As was recently revealed, the new PS5 model will feature a smaller cooling system with a different heatsink. According to HardwareBusters' report, the solution used in the refreshed version of the PS5 works better than the one installed in the original model. While the modified cooling system has been tested and found to be inferior to that of the original PS5, the latest tests have shown that the new system may yet perform better than its predecessor.
HardwareBusters, via Igor's Lab, compared the first PS5 to the newer version, which, despite having a smaller cooling system, performed better. The tests took into account measurements of external temperatures and SoC/VRM/VRAM temperatures in relevant benchmarks.
As it turned out, the CPU temperature in the original version of the PS5 was 51.51 degrees Celsius, and in the console model with a smaller cooling system it was over 10 degrees less (40.08 degrees Celsius).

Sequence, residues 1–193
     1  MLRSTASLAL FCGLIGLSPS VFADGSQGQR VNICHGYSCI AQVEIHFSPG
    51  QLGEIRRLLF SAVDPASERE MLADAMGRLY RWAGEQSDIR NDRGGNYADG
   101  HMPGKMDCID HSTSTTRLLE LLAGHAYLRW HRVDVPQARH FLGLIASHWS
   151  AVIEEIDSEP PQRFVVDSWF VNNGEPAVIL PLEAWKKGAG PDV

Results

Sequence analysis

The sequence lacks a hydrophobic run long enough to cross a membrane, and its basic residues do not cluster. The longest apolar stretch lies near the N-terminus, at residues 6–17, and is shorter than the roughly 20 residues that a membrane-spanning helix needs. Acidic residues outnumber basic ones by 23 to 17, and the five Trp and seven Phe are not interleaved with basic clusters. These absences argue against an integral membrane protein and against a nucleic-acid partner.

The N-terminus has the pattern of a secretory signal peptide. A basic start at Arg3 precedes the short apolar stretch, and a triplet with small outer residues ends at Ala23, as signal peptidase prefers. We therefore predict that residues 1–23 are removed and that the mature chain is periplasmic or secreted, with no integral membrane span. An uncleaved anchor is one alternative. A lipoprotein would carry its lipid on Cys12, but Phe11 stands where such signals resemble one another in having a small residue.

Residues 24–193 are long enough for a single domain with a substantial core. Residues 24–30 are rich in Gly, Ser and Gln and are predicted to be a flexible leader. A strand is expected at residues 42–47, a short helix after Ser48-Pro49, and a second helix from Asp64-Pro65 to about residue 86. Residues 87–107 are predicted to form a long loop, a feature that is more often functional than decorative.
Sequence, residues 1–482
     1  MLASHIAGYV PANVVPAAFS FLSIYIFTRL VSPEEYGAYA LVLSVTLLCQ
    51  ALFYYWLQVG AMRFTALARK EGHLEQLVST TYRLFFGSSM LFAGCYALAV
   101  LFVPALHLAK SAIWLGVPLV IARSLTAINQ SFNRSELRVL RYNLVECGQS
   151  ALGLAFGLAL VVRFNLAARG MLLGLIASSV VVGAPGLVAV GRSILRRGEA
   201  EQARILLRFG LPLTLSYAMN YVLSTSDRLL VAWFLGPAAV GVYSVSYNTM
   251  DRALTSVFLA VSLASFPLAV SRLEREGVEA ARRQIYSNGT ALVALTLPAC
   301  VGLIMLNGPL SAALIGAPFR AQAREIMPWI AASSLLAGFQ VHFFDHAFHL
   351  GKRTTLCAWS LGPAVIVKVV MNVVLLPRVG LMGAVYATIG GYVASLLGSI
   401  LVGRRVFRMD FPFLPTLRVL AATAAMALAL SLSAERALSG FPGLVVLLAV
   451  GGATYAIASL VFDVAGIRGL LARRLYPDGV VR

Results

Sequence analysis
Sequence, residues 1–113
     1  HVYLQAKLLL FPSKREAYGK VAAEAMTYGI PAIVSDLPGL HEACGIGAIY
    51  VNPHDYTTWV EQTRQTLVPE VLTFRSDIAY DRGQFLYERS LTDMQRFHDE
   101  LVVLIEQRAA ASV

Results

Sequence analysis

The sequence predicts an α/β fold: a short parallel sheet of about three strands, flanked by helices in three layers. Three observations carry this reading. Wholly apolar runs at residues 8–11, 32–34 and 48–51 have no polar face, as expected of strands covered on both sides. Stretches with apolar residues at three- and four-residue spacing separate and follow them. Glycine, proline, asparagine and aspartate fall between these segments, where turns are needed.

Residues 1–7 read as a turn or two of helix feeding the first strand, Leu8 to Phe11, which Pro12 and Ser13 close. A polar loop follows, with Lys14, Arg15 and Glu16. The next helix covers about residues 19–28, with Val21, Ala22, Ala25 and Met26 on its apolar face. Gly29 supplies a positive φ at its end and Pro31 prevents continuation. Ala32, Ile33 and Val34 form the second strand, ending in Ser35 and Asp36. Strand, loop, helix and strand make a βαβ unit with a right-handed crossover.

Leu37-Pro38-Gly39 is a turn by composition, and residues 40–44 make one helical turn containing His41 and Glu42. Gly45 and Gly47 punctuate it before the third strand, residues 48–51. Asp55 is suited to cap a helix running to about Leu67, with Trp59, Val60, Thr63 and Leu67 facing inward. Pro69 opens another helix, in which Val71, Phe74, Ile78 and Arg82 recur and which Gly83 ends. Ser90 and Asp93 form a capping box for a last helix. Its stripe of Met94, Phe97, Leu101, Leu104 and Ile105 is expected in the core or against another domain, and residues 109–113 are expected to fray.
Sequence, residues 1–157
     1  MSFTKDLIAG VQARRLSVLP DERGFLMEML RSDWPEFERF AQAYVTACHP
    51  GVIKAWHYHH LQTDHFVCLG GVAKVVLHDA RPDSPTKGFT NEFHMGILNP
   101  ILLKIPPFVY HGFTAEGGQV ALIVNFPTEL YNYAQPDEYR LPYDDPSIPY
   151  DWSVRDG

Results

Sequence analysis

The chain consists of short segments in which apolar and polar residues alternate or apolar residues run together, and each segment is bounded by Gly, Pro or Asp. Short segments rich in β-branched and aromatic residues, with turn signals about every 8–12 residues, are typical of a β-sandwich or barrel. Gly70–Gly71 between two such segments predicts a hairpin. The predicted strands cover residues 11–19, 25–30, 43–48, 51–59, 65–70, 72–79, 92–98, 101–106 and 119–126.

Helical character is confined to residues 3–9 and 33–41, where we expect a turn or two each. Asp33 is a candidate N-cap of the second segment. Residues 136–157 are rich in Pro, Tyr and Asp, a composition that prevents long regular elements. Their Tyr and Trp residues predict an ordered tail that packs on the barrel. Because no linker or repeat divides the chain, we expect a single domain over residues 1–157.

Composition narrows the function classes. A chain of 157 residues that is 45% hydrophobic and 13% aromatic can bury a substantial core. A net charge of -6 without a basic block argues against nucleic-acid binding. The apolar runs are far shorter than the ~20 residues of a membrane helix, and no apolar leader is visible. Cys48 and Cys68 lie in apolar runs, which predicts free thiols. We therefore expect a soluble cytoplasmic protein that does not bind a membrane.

However, lower CPU temperature affected other components. An increase of 8 degrees Celsius was noted on the new VRAM (from 40.88 to 48.20 degrees Celsius). The power supply modules also showed a difference - the original PS5 measured 44.97 degrees Celsius, while the refreshed model - 46.32.
The temperature of the air leaving the PS5 chassis was similar between the two models.. In the refreshed model of the console it was 42.11 degrees Celsius, while in the existing model it was 39.85. The tests also show that the new variant of the PS5 is to operate 1 decibel louder than the older.
It's worth noting that all these changes won't have a major impact on the gameplay, so users of the older version of the console shouldn't feel disadvantaged by the release of the refreshed model. Sony is just making another attempt to reduce the production costs. Despite initial concerns, the latest figures show that this should not be at the expense of the console's work culture.